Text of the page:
To optimize the delivery of goods, for example, stay informed about the most efficient modes of transportation.
Remember, the best option for you today may not be the wisest choice in a couple of months.
For instance, those relying on road transportation might experience problems later on due to labor shortages among truck drivers.
In fact, IRU Secretary General Umberto de Pretto says this problem is only going to get worse in the future:
“We are missing over 3 million truck drivers in the countries we’ve examined. Given the demographics of the profession, we forecast that it could double within five years. The consequences of such a shortage are already harming the communities, supply chains, and economies that depend on our industry.”
Therefore, try to stay updated on such industry dynamics, and have backup plans in place to minimize unexpected delays.
Finally, assess whether it’s more cost-effective for you to buy larger quantities less frequently or vice versa.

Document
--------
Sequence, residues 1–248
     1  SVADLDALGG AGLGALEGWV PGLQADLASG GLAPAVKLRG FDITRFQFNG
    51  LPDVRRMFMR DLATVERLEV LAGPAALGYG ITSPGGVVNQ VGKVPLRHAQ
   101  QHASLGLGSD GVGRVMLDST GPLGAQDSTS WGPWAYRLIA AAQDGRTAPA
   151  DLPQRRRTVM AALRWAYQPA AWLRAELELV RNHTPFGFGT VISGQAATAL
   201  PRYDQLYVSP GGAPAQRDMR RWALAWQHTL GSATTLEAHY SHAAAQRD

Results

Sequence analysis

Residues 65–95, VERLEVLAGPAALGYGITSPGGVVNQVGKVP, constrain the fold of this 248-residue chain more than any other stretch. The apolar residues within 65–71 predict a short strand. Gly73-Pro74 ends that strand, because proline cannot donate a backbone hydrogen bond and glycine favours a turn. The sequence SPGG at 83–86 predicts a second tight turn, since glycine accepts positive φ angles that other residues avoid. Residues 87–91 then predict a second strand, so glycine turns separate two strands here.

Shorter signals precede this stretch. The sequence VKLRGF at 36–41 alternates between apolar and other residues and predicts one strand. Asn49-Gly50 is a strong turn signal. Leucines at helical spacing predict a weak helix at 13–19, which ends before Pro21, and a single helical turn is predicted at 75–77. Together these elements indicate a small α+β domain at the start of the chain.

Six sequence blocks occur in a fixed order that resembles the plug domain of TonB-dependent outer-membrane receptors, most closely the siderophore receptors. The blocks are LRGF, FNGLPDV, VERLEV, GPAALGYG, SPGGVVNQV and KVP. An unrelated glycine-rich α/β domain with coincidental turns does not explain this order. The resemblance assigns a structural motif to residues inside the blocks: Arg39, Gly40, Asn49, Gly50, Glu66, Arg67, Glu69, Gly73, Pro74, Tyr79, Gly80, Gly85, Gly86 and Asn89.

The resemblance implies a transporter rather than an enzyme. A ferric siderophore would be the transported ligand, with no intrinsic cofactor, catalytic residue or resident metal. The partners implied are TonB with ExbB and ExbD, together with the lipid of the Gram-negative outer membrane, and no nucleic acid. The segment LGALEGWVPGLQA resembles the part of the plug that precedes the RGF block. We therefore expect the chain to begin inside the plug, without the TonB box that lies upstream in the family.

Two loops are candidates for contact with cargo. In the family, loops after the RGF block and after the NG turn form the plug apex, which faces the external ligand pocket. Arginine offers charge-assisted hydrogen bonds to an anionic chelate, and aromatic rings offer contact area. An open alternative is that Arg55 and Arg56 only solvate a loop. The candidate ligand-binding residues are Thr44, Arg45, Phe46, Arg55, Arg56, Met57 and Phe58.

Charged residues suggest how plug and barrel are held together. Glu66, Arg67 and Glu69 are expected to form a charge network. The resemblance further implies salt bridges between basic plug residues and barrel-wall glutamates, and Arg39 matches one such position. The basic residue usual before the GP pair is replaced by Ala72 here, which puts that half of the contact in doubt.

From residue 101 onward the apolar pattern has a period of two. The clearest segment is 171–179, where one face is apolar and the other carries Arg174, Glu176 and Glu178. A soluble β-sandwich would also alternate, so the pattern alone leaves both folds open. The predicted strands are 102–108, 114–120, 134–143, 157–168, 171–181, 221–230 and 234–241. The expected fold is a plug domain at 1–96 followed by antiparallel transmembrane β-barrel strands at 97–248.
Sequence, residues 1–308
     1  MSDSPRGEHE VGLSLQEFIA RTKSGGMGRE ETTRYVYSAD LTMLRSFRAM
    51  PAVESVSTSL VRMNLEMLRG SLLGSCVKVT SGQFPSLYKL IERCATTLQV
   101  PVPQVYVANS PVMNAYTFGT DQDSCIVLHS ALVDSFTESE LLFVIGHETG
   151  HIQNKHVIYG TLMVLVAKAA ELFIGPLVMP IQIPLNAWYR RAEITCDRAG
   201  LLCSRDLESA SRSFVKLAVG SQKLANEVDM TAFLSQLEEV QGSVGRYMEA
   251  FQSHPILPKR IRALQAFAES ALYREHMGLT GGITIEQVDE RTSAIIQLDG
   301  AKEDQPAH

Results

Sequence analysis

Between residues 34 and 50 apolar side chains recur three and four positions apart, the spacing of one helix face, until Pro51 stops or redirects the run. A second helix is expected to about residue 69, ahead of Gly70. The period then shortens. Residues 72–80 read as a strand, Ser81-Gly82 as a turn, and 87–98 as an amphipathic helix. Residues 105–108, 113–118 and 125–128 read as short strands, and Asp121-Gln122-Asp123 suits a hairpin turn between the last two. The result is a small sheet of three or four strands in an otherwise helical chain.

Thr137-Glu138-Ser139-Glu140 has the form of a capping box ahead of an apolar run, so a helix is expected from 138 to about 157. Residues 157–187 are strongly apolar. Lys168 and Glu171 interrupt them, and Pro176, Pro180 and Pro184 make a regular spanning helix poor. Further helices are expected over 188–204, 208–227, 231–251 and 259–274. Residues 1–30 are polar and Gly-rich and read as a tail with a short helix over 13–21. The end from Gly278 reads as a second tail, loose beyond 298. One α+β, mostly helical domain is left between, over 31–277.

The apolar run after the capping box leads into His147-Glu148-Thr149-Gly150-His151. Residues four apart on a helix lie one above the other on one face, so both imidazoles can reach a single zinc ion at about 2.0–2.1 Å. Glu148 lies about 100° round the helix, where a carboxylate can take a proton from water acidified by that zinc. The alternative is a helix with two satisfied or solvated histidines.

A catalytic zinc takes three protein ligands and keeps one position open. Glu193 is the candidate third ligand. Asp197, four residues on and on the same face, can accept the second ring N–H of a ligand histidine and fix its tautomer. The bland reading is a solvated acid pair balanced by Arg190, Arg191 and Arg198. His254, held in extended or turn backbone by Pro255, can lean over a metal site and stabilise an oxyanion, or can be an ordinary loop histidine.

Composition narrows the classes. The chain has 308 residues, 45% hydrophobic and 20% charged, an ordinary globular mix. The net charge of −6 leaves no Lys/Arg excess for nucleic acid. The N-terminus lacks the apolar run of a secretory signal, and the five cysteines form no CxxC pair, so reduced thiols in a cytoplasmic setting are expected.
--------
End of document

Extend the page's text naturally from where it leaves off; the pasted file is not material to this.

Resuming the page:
One useful method for determining that is using the Economic Order Quantity (EOQ) calculation.
This equation considers product demand, order costs, and holding costs to give you the optimal amount of units to procure.
This number helps you strike a balance—satisfying demand without unnecessarily extending lead time due to the processing of excessively large orders.
All in all, becoming proficient in procurement lead time management will undoubtedly require some time.
However, don’t be disheartened.
Instead, utilize the insights gained from this article, coupled with your own valuable experience, and, over time, you’ll evolve into an expert capable of assessing and effectively reducing lead times.
As a result, you’ll witness a significant enhancement in your processes, impacting not only the procurement department but also the overall business operations.